Thursday, December 21, 2006

guidance, challenge, play

Play is OK but is not enough.

We can't expect children, without guidance, to rediscover the best efforts of the most advanced human minds over thousands of years. But we also don't want to shove it down their throats (rote learning) because that doesn't lead to deep or meaningful understanding, either.

Alan Kay suggests a three point solution to this problem:
1) guidance
2) challenge
3) play
"Human beings (even really smart ones) have a hard time coming up with ideas that are better than mediocre. For example, if you put a piano in a classroom, the children will explore it, and develop a "chopsticks culture" with it, but they won't invent for themselves how to play a keyboard instrument (it took centuries for experts to work it out). But every child can be taught to play the piano. Similarly, the children will not invent or discover important ideas in mathematics by themselves. But every child can be taught a powerful version of the calculus of vectors, and many other kinds of advanced mathematics. And both of these can be taught as a kind of play.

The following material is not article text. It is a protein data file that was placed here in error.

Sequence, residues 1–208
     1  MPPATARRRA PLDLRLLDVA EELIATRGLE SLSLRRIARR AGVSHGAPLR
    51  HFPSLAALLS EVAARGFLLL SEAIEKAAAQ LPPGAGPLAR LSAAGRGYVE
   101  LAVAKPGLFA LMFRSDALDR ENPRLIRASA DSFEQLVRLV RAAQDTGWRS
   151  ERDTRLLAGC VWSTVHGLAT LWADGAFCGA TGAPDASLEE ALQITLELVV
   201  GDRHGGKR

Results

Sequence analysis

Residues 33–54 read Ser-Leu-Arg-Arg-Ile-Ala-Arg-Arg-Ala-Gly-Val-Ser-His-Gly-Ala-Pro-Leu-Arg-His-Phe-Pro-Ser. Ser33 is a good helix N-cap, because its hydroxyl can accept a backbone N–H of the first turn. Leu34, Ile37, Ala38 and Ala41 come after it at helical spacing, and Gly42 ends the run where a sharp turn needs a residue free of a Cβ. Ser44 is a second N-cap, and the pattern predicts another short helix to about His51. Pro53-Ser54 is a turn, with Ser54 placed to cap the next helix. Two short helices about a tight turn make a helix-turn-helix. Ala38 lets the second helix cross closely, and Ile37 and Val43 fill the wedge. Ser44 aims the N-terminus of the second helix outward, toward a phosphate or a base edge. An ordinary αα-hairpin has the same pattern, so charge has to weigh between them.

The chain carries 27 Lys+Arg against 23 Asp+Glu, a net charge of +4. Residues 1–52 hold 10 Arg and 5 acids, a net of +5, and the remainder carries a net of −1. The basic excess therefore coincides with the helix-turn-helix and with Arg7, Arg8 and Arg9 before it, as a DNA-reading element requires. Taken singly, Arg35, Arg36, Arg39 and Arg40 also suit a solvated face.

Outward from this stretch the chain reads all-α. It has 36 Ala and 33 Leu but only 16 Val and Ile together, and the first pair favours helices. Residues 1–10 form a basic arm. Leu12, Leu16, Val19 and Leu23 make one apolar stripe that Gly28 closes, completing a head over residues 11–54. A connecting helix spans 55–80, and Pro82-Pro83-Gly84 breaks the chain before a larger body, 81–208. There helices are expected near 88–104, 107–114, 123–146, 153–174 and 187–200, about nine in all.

If you give children a medium to explore, they will generally wind up doing stories and games with it (in large part because that is how nature has set all of us up to learn when we are children). For example, Etoys is used widely in a number of places in the world. The places that emphasize "creativity", "discovery learning", "free exploration", etc., all wind up with lots of stuff done by children, but virtually all of it uses simple animations and multiple tasking to act out stories and games. This is no surprise (it took humans 100,000 years to invent math and another 2000 to invent science). If we are interested in having children learn non-obvious powerful ideas -- e.g. in math and science -- we have to scaffold their learning and discovery by careful curriculum design.